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BioControl
Vol.
55, No. 1, 2010; Pages: 159 - 185

Ecological factors in the inundative use of fungal entomopathogens

Stefan T. Jaronski

US Department of Agriculture, Agricultural Research Service, Northern Plains Agricultural Research Laboratory, 1500 N. Central Ave., Sidney, MT, 59270, USA.

Abstract

Fungal entomopathogens have been developed in numerous countries as biocontrol agents with more than 100 mycoinsecticide products commercially available in 2006. The chief, perhaps sole, use of these mycoinsecticides has been as inundative agents, within a chemical paradigm. Large numbers of propagules are applied in an attempt to overwhelm by brute force many of the factors that keep a pathogen in nonepizootic equilibrium with its host. This review attempts to summarize what we know about the abiotic and biotic factors that affect the efficacy of these mycoinsecticides in both foliar and soil applications. Sunlight, humidity, temperature, and phylloplane-associated factors can affect both immediate efficacy and persistence on plants. Likewise, soil texture-moisture interactions, temperature, and a host of biotic factors can affect mycoinsecticides in the soil. Despite much research, our understanding of these ecological aspects is imperfect, especially in a holistic, dynamic sense.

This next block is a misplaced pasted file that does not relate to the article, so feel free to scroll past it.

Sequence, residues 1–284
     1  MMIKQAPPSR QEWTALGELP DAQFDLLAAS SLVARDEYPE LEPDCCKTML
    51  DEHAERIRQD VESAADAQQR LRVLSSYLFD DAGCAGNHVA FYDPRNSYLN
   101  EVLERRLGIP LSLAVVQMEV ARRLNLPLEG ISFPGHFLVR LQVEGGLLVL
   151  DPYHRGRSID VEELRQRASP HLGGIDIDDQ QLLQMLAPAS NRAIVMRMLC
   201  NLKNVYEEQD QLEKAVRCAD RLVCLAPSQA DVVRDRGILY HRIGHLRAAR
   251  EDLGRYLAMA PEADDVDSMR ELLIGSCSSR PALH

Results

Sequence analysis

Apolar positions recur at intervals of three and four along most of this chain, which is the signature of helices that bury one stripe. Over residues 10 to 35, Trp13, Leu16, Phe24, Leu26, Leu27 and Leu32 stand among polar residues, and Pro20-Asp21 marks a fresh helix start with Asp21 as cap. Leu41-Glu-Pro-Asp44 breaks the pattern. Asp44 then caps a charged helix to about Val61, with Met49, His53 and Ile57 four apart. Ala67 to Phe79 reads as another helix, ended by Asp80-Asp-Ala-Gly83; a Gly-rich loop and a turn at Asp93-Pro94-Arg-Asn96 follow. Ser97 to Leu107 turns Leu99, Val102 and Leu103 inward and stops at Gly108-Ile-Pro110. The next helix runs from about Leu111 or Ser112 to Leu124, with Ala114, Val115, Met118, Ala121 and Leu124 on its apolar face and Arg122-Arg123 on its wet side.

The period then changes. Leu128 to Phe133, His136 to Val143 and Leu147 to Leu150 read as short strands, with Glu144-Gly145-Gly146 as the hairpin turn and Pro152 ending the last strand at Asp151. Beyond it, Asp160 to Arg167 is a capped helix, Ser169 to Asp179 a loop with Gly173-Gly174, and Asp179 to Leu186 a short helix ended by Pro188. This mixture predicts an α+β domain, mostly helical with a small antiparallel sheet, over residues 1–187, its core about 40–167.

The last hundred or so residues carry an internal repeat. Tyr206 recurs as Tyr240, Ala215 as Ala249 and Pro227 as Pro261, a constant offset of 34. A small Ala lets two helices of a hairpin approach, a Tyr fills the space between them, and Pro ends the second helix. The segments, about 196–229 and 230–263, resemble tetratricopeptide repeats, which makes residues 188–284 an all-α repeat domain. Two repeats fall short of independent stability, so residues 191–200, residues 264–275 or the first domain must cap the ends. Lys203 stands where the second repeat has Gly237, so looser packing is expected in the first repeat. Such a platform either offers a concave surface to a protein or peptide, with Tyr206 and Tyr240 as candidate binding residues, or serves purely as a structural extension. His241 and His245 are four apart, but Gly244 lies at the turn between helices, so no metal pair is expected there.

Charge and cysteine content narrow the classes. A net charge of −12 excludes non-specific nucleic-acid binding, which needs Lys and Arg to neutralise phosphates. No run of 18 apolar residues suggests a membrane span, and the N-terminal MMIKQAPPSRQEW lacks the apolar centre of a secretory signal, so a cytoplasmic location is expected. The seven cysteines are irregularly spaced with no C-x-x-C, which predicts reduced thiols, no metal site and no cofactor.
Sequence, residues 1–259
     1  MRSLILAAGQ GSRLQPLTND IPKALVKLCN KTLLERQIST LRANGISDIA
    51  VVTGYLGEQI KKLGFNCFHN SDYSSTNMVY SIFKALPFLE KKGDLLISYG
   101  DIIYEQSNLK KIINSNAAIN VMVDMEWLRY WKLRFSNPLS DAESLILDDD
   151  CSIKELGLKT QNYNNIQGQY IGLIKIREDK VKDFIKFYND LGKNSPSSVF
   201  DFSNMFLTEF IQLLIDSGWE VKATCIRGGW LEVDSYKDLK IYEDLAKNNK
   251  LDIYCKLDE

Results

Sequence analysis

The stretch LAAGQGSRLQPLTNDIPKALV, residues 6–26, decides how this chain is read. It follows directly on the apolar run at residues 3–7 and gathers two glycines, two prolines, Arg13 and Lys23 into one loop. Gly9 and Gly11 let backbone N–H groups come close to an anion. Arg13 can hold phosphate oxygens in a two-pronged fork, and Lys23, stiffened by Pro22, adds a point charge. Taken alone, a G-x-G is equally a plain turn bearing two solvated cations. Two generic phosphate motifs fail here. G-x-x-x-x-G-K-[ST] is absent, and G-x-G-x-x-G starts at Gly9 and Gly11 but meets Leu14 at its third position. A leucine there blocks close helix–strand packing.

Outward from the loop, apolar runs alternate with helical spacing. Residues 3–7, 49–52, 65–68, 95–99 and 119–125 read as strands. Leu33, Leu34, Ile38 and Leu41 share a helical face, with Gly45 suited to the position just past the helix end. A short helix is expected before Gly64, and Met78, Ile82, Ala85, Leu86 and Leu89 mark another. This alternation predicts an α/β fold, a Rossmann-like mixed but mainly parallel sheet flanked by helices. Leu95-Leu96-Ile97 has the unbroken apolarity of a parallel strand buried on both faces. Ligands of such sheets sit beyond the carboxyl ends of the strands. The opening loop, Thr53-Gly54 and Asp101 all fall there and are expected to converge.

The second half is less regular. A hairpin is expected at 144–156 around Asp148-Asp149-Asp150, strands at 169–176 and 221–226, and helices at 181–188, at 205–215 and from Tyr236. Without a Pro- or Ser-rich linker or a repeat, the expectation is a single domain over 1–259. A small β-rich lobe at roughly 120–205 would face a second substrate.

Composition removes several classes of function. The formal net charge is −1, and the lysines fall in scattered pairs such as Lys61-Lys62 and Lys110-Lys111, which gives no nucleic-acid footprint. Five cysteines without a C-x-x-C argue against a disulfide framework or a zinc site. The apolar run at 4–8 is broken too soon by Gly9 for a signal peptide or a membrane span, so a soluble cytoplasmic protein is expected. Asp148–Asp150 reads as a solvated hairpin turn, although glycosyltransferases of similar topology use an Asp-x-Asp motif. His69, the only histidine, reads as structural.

Keywords: Metarhizium, Beauveria, Persistence, Efficacy, UV, Humidity, Temperature, Phylloplane, Soil


 

 

 
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